My new Croatian friend Didi, who helps organise the festival, insists that we take a trip to the pristine islands of Brijuni, where, in the national park filled with more than 600 plants, the former Yugoslav dictator Marshal Tito entertained Elizabeth Taylor, Richard Burton and Sophia Loren in his summer mansion. We hop on a boat and land on the island in less than half an hour, exploring its zoo, forest and quiet beach strips. The shore is lined with small cafes and restaurants serving tourist food. We lie on the dock near the sailboats, then settle on a terrace and sip fresh juices, watching people wander by.

After the festival, I head to Rovinj, farther north on the coast, a town with charms that far exceed Pula’s. Perched on a steep hill, it overlooks the sea and 18 green islands of the archipelago with its colourful facades, narrow cobblestoned alleys and bell towers. The day begins at dawn, as fishermen carry their daily catch back to the port, surrounded by screaming seagulls. After a refreshing morning swim and coffee by the port, I hike up the hill towards the Church of Euphemia, an exceptional baroque landmark built in the 18th century. I follow the souvenir shops down the road all the way back to the coast, where a series of beachside restaurants serve fresh seafood and salads. One of the finest tables – and views – is Puntulina, where, in the scorching sun, I order sea-bass carpaccio and prawns cooked in fragrant local olive oil – fresh, simple and perfect for a hot day.

I personally prefer afternoon beach naps with a book, but for those who enjoy vigorous activity, I note offers for biking, sailing, scuba diving or windsurfing. At sunset, I admire the vivid colours of the seaport from a cafe, then head back up the hill to the gastronomic restaurant Monte – one of the many tables in the area focusing on local ingredients and avant-garde techniques.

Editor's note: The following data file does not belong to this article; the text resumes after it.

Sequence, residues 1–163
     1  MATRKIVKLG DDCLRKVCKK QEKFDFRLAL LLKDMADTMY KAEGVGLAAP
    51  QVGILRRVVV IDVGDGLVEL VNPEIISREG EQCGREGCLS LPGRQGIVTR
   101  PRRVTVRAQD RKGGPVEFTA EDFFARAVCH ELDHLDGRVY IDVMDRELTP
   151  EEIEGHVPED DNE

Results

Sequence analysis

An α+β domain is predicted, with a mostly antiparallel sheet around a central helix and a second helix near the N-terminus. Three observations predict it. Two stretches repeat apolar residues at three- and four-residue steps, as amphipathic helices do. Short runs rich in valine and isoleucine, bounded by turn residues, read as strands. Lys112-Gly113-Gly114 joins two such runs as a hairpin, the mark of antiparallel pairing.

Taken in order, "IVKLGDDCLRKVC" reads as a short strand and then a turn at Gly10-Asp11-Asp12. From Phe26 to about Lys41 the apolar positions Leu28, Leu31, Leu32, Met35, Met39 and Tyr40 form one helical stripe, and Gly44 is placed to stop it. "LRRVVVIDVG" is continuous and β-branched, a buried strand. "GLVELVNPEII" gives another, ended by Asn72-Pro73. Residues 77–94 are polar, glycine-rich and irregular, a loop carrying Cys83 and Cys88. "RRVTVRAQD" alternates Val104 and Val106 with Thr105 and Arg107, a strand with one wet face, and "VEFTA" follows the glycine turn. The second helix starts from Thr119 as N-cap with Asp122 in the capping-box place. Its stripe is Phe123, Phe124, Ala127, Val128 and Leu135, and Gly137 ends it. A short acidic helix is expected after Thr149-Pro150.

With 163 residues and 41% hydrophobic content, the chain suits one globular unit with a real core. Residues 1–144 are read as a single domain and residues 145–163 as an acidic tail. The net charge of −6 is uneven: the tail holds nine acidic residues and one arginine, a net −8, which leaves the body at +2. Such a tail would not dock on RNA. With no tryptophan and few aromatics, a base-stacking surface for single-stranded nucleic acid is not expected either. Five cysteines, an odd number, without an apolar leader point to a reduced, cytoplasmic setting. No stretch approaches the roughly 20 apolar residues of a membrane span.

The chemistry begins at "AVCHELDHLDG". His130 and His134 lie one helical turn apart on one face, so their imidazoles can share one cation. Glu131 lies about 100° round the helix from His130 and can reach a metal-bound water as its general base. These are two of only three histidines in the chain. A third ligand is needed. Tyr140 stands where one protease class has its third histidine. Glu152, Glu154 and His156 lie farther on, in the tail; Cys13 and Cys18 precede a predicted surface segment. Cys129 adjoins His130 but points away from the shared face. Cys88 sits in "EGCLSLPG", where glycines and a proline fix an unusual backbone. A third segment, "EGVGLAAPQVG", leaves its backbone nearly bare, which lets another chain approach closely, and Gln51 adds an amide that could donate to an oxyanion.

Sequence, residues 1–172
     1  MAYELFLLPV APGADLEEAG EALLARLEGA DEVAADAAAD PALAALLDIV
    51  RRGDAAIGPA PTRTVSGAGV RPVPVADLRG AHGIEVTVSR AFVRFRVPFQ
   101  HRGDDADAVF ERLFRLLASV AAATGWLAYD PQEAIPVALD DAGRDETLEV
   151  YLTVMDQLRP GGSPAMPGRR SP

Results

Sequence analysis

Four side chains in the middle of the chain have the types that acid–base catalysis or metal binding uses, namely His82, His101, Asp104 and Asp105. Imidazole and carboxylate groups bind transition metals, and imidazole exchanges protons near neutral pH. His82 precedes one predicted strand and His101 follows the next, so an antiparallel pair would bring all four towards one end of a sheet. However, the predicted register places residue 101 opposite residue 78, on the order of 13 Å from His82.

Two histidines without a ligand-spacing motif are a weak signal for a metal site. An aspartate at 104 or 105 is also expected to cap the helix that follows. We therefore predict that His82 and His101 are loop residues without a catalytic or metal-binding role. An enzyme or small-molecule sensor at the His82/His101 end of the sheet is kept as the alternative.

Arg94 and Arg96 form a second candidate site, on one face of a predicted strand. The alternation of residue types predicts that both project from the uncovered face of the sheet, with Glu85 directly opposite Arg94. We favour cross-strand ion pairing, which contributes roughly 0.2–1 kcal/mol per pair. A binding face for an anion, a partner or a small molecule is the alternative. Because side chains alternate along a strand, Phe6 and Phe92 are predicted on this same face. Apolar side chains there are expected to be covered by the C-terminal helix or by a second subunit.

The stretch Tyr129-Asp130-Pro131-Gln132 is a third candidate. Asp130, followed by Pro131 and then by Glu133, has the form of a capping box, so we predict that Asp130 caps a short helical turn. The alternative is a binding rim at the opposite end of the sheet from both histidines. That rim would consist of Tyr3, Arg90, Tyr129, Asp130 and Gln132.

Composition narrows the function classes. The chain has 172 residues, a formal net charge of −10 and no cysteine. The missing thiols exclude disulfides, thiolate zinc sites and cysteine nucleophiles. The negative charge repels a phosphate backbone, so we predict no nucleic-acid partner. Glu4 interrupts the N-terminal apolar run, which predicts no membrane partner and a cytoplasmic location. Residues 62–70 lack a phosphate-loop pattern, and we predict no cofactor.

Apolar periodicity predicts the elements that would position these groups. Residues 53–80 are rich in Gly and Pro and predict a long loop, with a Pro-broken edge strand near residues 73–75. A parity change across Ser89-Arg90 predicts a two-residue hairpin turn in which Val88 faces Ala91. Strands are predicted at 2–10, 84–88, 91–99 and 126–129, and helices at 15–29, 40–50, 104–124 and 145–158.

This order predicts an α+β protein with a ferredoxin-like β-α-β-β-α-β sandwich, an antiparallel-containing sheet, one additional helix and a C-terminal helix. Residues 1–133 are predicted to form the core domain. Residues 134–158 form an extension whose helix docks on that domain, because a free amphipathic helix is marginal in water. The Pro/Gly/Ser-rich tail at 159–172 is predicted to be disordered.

The presentation for the seven-course tasting menu is inventive: the amuse crackers are served on an olive branch, the olive oil and butter in pebble stones, and every dish involves its own ritual and an artful contrast of colours, shapes and textures. The young chef, Daniel Dekic, roams the Istrian coast and countryside to find the freshest ingredients, with which he makes creative dishes such as trout caviar sushi in dashi broth, quail, liver and apricot, foie gras and vanilla ice cream.

Rovinj is home to several upscale hotels, such as the five-star Monte Mulini and the hip Lone, making it particularly attractive to selective travellers. I’m staying at the Lone, a stark, white, curvilinear building facing the Adriatic Sea. While the massive concrete building reminds me of brutalism and Oscar Niemeyer’s sensual lines, the sleek interior gives off the vibe of a very trendy nightclub. My room, however, is private and peaceful, with a wooden balcony that overlooks the greenery and sea.

After the weekend, I head out to the quaint Porec, a tight agglomeration of pastel-coloured facades where elegant Venetian palaces overlook the bay, and explore the sixth-century Euphrasian Basilica’s striking Venetian architecture. Then begins the journey inland. An endless succession of undulating hills gives way to small towns, vineyards, olive groves and farms. While the spring season is the moment to forage for the rare and exquisite wild asparagus, used by locals in frittatas and pastas, the autumn is the much-celebrated truffle season. Around the medieval towns of Motovun and Buzet, the fungi grow in the humid, grey soil of the forest, irrigated by the Mirna River. Buzet dubs itself the “city of truffles”, and hosts two festivals in the ­autumn, including the Subotina, where a 2,000-egg omelette is cooked with 10 kilograms of truffles.

My trip ends at the truffle empire Zigante, just below the hilltop village of Motovun, where both the white and black prized fungi are prepared in a variety of pastas, fish dishes and even ice creams – and sold at the boutique alongside local delicacies. I stock up on truffle honey, bottled white and black truffles, cheeses, sweets and olive oils, and head back to Zagreb rejuvenated and inspired.